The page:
Ledger uses attestation to guarantee that the device you received actually comes from Ledger. This proves that the device has not been replaced by a counterfeit and that the code running on it has not been modified by a malicious person who intercepted the package. Ledger achieves this by providing a private key from the factory in a secure element on the device itself. Only Ledger knows which public key belongs to the private key on the device, and the private key cannot be altered by someone intercepting the package.

When you connect the device to a computer and let it talk to the Ledger software, it checks whether the private key matches the public key known to Ledger for a certain batch of devices. If the device fails this test, it is immediately recognized as not genuine and rejected. This is a great way to ease the worry of shipping mess. Read more about this process here.

A disadvantage, on the other hand, is that not all code used by the Nano S is public. The source code of the bootloader , the program that loads the operating system and checks whether the version being loaded is correct, is not (yet) publicly available. As a result, you not only need to trust the hardware manufacturer, as is the case with other hardware wallets, but also Ledger itself for loading the correct operating system on the Nano S.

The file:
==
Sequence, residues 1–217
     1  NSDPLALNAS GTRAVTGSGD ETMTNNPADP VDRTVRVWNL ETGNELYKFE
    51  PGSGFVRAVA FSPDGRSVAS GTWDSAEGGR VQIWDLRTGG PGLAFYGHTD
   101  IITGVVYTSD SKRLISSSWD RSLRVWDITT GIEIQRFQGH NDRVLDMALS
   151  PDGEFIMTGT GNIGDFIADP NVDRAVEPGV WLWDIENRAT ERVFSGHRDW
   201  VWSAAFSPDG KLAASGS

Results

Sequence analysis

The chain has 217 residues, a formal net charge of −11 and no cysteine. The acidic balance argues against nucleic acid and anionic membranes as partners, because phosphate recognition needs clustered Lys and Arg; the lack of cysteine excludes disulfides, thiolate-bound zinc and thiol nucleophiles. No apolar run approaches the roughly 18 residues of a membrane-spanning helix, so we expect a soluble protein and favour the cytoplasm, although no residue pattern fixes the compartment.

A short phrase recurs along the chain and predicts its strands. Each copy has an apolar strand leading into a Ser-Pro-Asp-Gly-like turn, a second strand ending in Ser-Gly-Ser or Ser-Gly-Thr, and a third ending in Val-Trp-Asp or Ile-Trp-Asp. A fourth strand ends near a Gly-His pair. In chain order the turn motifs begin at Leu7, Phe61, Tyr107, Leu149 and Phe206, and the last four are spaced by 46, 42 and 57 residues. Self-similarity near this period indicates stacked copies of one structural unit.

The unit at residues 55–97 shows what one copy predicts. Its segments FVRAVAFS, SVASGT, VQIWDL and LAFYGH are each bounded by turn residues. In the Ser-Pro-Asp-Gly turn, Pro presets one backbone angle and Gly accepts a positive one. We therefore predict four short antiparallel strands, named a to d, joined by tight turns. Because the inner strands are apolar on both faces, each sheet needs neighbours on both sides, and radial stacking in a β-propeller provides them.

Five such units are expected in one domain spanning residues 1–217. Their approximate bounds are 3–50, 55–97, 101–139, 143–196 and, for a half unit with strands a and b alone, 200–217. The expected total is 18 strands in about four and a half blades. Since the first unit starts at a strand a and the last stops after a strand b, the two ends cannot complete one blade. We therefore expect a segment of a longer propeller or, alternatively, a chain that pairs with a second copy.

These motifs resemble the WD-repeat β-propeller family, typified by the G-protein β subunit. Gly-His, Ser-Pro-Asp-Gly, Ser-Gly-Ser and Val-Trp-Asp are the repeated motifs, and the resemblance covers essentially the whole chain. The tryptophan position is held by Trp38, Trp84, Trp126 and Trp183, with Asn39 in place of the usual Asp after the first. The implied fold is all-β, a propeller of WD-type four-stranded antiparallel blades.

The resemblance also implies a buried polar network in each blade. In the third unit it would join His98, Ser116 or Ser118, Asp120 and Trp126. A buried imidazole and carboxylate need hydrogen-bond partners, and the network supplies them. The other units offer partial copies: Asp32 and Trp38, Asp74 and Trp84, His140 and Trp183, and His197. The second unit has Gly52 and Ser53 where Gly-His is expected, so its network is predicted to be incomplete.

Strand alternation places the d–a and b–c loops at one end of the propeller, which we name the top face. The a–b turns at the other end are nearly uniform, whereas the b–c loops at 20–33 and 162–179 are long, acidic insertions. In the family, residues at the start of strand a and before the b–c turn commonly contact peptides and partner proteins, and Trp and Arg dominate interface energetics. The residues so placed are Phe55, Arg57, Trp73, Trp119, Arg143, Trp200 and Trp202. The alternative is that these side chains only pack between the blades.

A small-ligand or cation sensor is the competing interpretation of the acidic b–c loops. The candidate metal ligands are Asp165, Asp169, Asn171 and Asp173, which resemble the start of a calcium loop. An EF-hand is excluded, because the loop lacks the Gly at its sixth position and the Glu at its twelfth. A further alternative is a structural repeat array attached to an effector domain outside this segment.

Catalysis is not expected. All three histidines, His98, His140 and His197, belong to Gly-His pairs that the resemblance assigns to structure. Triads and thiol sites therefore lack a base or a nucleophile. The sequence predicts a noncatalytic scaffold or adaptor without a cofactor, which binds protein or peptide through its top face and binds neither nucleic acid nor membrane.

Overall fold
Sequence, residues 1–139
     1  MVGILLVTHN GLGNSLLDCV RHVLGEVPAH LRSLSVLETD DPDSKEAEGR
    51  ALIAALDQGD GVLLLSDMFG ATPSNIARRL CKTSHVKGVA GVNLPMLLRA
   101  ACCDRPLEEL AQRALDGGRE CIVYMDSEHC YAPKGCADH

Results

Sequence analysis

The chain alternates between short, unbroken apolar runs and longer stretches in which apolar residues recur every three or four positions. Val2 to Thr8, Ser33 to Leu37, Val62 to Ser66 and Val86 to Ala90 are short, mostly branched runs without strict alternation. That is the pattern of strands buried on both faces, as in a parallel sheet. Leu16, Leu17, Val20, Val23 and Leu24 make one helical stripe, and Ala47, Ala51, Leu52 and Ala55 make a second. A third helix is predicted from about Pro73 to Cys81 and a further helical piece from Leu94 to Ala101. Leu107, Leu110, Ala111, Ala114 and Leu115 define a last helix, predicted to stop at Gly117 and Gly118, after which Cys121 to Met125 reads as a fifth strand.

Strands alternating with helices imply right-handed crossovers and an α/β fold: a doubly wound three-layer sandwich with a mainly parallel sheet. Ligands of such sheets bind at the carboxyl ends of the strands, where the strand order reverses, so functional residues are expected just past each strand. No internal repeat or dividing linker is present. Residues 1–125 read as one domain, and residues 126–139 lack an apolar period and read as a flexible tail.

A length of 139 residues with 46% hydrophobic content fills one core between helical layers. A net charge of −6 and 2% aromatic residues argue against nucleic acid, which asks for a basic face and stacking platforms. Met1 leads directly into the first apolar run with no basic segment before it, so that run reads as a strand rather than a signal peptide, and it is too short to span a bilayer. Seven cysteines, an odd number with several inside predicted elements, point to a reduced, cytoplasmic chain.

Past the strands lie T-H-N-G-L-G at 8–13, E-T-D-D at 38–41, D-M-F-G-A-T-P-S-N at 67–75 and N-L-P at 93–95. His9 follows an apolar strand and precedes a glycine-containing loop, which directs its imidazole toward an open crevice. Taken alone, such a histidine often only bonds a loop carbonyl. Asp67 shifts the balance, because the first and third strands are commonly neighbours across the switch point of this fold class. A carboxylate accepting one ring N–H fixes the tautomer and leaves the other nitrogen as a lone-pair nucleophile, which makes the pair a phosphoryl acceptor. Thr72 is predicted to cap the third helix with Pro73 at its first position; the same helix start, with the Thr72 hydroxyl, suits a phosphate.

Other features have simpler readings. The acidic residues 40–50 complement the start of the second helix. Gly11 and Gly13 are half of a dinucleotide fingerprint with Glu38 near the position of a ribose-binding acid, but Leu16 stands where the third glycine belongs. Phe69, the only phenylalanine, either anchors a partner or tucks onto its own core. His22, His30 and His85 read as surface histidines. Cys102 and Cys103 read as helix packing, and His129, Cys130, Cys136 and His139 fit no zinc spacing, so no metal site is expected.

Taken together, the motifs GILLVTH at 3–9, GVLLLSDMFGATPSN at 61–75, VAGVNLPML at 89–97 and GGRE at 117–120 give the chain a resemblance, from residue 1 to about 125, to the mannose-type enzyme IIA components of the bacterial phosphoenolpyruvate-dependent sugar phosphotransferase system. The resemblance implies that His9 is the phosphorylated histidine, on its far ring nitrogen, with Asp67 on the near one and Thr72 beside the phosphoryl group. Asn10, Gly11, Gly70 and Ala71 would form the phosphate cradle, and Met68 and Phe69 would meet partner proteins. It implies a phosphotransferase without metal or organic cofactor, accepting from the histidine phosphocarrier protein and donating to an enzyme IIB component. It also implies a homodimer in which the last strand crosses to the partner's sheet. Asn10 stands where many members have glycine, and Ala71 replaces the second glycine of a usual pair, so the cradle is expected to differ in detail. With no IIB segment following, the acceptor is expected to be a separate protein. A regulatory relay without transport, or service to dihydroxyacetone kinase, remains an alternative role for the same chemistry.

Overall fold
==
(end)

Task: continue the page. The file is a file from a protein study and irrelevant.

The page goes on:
In practice – installation

Initializing the Nano S is done on the device itself. When you connect the Nano S to a computer via USB for the first time, you will be asked to enter a PIN code. You do this by scrolling through the numbers with the two buttons on the Nano S. Entering the PIN code on the device prevents reading by keyloggers. This operation works, but is not ideal: you have to click a lot each time to enter the PIN code.